• On the topic of sleep, make sure you set your alarm! Choose a time to wake up which is early enough to give you plenty of time to eat a filling breakfast, get showered, dressed and groomed, and travel to your interview. If you miss your interview because of oversleeping we can almost guarantee that you won’t get the job.


The Big Day!

  • Staying hydrated is one of the best things you can do for your body, especially before a stressful or nerve-wracking experience. Coffee doesn’t count, unfortunately! Take a bottle of water on your journey and make sure you drink it. Good concentration and regular water intake are very closely related.
  • Make sure you arrive at your interview on time or several minutes beforehand. You should be in the building where your interview takes place between 5 and 10 before the start time. However, don’t arrive more than 10 minutes early! This will fluster your interviewers as they might not be ready for you or have anywhere to put you. Just don’t do it! Arriving early will give you the chance to drink some water, squeeze in some last minute mental run-throughs of questions and decompress a little to calm down any nerves you may be feeling.


And while we’re on the subject of nerves….

  • Feeling nervous is normal. We’d think you were weird if you weren’t feeling a little stressed over an interview! Try to keep those nerves in perspective. If you have done all your preparation you’re going to be fine. And whatever happens – don’t forget to breathe!


The Interview

  • Show the interviewer that you’re happy to be here! Greet them, ask them how they are, strike up a bit of banter with them. Make the effort to connect with them as a human, not just a potential employer.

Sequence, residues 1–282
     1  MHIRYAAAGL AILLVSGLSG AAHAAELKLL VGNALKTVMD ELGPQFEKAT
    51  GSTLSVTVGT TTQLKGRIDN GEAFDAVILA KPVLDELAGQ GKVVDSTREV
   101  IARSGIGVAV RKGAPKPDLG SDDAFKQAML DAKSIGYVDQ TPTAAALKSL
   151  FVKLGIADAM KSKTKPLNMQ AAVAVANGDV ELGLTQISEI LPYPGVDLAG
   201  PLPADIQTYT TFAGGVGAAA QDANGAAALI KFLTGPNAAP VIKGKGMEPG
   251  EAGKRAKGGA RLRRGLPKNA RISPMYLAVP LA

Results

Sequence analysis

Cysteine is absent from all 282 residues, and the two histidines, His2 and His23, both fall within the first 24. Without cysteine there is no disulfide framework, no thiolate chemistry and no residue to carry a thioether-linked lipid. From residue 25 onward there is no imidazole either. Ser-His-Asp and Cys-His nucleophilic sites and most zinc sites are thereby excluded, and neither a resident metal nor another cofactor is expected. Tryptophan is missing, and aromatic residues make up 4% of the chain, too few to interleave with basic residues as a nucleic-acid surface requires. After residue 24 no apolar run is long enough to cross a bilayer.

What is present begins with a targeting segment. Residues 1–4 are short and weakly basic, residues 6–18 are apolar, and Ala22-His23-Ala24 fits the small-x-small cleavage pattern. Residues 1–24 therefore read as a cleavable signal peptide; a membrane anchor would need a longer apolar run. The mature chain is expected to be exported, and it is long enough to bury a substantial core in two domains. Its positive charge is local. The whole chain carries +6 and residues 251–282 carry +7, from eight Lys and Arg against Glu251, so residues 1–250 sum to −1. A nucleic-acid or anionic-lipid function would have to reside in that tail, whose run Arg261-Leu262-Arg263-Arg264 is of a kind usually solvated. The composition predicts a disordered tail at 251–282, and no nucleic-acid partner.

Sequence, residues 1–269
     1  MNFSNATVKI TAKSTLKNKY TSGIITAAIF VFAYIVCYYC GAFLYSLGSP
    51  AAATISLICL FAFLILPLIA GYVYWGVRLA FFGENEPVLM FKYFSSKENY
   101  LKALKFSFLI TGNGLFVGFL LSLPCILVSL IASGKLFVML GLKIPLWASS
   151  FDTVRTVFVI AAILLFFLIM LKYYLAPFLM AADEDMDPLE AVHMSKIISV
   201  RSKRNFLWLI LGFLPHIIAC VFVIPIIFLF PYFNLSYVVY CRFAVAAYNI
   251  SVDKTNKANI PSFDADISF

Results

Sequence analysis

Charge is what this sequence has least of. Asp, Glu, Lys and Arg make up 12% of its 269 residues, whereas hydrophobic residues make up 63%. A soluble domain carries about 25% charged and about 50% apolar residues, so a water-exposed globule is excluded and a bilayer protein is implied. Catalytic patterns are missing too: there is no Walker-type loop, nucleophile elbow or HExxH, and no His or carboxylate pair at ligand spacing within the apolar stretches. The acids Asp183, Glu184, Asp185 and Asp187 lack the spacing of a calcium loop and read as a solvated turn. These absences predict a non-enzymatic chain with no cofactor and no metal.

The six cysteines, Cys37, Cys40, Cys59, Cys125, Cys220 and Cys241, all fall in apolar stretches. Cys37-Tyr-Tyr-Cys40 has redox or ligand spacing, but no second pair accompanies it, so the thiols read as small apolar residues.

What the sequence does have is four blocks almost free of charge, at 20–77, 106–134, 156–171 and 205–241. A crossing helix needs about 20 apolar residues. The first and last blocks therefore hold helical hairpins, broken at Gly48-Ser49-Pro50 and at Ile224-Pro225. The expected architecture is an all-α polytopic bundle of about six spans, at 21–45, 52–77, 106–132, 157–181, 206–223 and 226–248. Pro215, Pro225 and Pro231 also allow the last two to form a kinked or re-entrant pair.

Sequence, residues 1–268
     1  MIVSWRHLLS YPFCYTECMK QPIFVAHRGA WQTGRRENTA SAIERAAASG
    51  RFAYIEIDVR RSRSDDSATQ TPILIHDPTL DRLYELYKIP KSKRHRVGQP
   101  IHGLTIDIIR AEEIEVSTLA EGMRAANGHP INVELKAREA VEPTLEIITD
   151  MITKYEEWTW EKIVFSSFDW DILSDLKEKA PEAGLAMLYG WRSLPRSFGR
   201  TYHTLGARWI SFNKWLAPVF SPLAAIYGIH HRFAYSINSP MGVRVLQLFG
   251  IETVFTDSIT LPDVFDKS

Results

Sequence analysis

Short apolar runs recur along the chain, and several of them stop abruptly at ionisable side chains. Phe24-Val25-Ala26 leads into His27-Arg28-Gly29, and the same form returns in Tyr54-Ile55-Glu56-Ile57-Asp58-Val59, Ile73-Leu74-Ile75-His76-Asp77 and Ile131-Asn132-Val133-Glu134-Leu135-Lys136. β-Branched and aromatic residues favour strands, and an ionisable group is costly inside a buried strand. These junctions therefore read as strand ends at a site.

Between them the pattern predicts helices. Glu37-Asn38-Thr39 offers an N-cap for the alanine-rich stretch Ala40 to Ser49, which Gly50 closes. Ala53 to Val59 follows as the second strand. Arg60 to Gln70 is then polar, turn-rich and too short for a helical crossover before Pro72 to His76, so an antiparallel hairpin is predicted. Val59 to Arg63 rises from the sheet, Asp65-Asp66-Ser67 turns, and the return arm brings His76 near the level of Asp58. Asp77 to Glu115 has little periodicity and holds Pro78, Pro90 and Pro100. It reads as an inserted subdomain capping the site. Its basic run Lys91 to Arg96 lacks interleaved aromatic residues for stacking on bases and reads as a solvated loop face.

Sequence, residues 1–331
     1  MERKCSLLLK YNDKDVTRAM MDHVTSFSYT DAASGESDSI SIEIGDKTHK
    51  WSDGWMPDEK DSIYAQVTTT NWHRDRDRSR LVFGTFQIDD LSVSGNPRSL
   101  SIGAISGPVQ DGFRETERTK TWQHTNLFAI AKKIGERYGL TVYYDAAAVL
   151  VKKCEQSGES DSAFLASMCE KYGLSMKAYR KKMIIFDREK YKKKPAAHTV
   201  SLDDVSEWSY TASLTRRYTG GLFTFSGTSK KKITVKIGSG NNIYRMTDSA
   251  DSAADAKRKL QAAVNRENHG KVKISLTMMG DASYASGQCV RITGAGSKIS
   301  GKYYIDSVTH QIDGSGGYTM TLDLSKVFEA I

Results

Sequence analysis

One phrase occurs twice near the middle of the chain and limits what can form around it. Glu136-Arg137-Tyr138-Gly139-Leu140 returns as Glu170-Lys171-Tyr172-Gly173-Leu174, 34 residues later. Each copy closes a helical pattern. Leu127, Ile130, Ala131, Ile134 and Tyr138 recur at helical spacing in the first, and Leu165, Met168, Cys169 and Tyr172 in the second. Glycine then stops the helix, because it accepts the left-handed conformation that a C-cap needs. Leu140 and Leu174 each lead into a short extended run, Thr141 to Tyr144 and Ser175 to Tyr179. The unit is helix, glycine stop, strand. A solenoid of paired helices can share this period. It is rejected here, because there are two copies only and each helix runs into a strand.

• When you are asked a question, give yourself time to think your answer through before you reply. And if you’re not clear on what the question means, don’t be shy about asking for clarification. The wording or intonation could be off, you could have misheard or maybe you just don’t know the answer! That’s perfectly normal. No-one can know everything!
  • Speak clearly and be aware of the shape of your voice – nerves can make us speak abnormally. If you find yourself speaking quietly, speak up! If you’re speaking a little too quickly, slow down! The interviewer needs to understand you to see how brilliant you are.
  • Remember that you wouldn’t be here if you hadn’t already got the interviewer’s attention. This is your turn to express yourself confidently and reinforce what a fantastic candidate you are.
  • Be aware of your body posture and don’t be afraid to make eye contact. Slouching and admiring your shoes shows the interviewer that you’re not confident in yourself or your abilities. If you’re not, why should they be? Let them know you’re calm and confident by sitting up straight, looking at them and smiling.
  • At the end of the interview, if you are given the opportunity to ask questions – take it! This is a great time to ask about the company’s culture, what in-house courses or self-development programmes they might offer, and find out what the next steps are following the interview. Shake the interviewer’s hand, smile and thank them for their time. Last impressions count too!


And afterwards

When you leave the interview, take a moment to evaluate it. How do you feel things went? What could you have done better? It might be a good idea to keep a journal of the interviews you attend. This can provide you with great insight into what you’re doing right and wrong.


It is important not to use this reflection as an excuse to beat yourself up but to get some perspective on how you performed. If all went well, you’ll have good news to look forward to. If not, every interview is a chance to develop your experience and hone your skills for next time.